Castellón de la Plana with a population of 160,000 in Valencia is another popular destination for travellers searching for beautiful rural and mountainous Spain or wanting to relax on the beaches on the Costa Azahar (the Orange blossom coast). The most northern of the Valencia capitals, dating back to the 13th century, with the perfect Mediterranean climate, attracts visitors from all over. With a diverse mix of old and new, modern constructions to Gothic monuments, you will find plenty to gaze at on a stroll around the provincial capital. You may coincide a visit with one of the many fiestas which happen year round. Relatively undeveloped, The Costa Azahar is a part of the coast where you will find un-crowded beaches known for its clean clear water. Castellón de la Plana’s well looked after beaches are located either side of the port, a key to the region’s industry, as well as a popular place for all types of water sports. Head inland from Castellón to discover the magnificent scenery (the second most mountainous in Spain) and an array of outdoor pursuits which can be enjoyed at any time of the year, given the mild climate of this coastal province. If you head out of the city, you will notice the endless orange groves and pine woods, complementing the equally appealing beaches.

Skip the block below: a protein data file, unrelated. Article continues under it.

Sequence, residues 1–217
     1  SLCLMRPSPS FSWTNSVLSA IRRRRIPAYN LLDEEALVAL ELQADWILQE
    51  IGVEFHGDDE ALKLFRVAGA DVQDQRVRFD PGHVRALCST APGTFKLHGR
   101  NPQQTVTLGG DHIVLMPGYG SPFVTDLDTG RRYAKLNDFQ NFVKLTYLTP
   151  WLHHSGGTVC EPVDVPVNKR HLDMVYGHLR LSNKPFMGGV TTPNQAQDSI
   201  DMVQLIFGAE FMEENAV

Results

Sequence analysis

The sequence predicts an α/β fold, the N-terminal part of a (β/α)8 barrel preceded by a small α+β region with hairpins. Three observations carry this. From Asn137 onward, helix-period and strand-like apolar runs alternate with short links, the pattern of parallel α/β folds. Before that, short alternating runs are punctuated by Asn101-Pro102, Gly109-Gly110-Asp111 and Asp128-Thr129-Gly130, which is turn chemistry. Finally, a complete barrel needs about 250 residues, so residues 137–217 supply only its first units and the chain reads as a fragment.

Situated on the Desert Mountains, Fadrell, the Moorish castle, bears great importance on the history of Castellón whi where the founders of the city first occupied. After the conquest of James I in 1233, the region was given to Ximén Pérez d'Arenós and the centre of the new town was located on the site of the Benirabe farmstead. The Middle Ages was an important era for the history of the town, as it was during this time when much of the city was constructed. The church that was built became a pro cathedral in the middle of the 15th century. The Virgin of Lledó is the patron saint of Castellón, and her body was mistakenly dug up in 1366 by a ploughman.
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